At Riviera Partners, we frequently speak with founders who are exploring whether the time is right to hire their company’s first VP Product. Our job is to help break that belief into component parts to address the fundamental question: “What problem are you looking to solve with a VP Product hire?”
If the answer is yes to one of the following, you are likely not ready for a VP Product:
“We are pre-product-market fit and need a visionary to help us identify the right product(s) to build.” (you are likely too early for a VP Product.)
“We don’t have any PM’s, so we need someone to come in and hire the team in a short time period because I don’t know how to vet PM’s.” (If you don’t have any PM’s, you don’t need a VP.)
“We just raised our Series A and want to capitalize on the press to make a splashy hire.” (Timing search outreach with a funding announcement is helpful, but only if true need has been ID’d.)
“My investors told me I needed a VP Product.” (We hear this more than you’d think.)
Responses like these immediately send up red flags because the problems that a company is looking to solve for are not fully defined by the above reasoning. The most successful VP Product searches that we engage on begin when a company achieves some level of traction, raises external capital (at least a Series A), and has built out their Engineering organization to 12-15+ people (usually including a VP Engineering). This is when structured product management becomes essential and is also likely the point at which the founder (who presumably has been running product), is running out of bandwidth to be in the weeds assigning bug fixes, writing PRD’s, and pow-wowing with the engineering team for hours at a time.
Letting go of day-to-day product oversight and focusing on the business can be tough, but is is one of the first major growth steps for founders. And although they might seem like the same thing, especially for a software company, the savviest founders (typically) are the ones who realize that the product and the business are two different things, and that both require full-time focus.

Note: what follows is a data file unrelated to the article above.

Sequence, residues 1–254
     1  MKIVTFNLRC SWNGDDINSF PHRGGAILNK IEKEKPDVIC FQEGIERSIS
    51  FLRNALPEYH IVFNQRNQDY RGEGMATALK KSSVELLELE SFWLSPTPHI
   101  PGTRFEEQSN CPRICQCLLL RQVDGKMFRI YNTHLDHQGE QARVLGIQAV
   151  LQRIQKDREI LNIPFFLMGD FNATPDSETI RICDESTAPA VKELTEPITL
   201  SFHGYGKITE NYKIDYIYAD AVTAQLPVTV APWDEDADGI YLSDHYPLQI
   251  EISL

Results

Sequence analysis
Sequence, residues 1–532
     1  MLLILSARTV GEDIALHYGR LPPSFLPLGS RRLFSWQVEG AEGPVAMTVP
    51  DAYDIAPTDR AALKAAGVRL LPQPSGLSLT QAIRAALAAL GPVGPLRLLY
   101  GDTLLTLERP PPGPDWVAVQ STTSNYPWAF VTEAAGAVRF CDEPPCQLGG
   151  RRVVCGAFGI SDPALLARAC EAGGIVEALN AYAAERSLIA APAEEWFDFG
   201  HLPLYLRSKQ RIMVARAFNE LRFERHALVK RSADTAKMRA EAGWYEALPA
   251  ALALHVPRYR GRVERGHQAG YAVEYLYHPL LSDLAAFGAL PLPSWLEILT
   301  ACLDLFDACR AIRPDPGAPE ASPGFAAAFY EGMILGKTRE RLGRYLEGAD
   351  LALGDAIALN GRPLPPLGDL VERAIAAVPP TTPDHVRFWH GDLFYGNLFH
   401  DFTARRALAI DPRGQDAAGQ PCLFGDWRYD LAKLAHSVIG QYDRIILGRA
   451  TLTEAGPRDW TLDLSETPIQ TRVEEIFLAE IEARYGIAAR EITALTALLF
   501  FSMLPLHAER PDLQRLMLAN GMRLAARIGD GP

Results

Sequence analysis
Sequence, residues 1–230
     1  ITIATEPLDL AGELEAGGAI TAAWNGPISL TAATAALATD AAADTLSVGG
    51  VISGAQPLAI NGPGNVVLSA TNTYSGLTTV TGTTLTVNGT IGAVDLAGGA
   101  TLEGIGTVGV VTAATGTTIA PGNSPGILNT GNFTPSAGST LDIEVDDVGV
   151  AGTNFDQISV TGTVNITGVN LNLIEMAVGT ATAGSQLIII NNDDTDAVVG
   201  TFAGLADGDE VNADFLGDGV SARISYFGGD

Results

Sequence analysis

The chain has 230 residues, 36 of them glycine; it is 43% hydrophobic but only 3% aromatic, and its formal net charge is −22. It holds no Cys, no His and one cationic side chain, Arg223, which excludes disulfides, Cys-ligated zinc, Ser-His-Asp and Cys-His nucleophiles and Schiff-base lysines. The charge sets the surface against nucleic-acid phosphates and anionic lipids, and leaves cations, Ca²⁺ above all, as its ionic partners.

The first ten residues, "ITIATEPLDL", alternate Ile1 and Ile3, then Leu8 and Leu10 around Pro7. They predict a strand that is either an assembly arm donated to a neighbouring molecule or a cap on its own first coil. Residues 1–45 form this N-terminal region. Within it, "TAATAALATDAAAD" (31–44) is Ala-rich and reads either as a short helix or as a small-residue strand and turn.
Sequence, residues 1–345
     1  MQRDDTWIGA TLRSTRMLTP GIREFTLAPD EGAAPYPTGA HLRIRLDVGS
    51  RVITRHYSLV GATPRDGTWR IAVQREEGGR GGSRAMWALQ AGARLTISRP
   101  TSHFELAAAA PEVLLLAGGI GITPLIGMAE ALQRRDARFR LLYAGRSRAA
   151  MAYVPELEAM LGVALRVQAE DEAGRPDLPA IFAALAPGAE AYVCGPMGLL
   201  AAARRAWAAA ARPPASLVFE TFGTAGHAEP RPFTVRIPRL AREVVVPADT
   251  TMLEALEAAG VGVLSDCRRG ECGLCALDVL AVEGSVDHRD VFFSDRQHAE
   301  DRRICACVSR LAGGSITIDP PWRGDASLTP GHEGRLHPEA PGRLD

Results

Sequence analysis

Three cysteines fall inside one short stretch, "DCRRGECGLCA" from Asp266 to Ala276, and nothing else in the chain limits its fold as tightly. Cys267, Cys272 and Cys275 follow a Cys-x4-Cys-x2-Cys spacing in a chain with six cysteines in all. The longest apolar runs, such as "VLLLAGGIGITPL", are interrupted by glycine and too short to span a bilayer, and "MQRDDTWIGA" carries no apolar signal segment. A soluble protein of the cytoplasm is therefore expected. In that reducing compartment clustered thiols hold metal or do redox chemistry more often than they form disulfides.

*Note* – there are exceptions to every rule, and some of the best founders are product-led CEO’s who have maintained their involvement in product throughout the existence of their company (Steve Jobs, Bill Gates, and Mark Zuckerberg come to mind). However even with that elite tier (and there are many others), over time as their companies grew, they reduced their time spent on individual product decisions, but still maintained the product vision and enforced the quality standard that users had been accustomed to.
Once that realization takes hold, and it becomes clear that the most value for the company will be created by the addition of a full-time product leader, the question becomes: “What do I need this person to do?” First and foremost, the founder needs someone to do the tactical work of product management. And, by the way, this person should likely be able to do a better job than the founder in this regard (because they should be more experienced at the function). This includes things like creating specs/product requirements documents/road-mapping, coordinating and setting the right cadence with engineering and design, putting KPI’s in place, making tough decisions on prioritization, and going extremely deep with customers/users.
If you feel like you have a good sense of the problems you are looking for your first product hire to solve (a need has been truly identified), the following are the next set of key questions:
When going to market for your first product hire, it’s critical that the framework for the role is carefully considered so that you evaluate and ultimately hire someone appropriately experienced for the current stage of your company.
Quite often, founders believe that their first product hire needs to be a VP who has set vision, strategy, hired big teams, and been the single-most differentiating factor in delivering a product that can win in the market. But here’s the reality––this person is probably not right for an early stage company and is likely not get-able either. VP-level product leaders are no longer as operational or hands-on as an early-stage company needs them to be. They are accustomed to managing larger teams with broader resources. Most importantly, they expect to own the entire product vision to even be interested in the opportunity. The success that your company has had thus far has been due to the vision that has been implemented by you, the founder. It’s important to not give that up too soon by hiring someone who will only be excited by the role if they are the owner of that vision.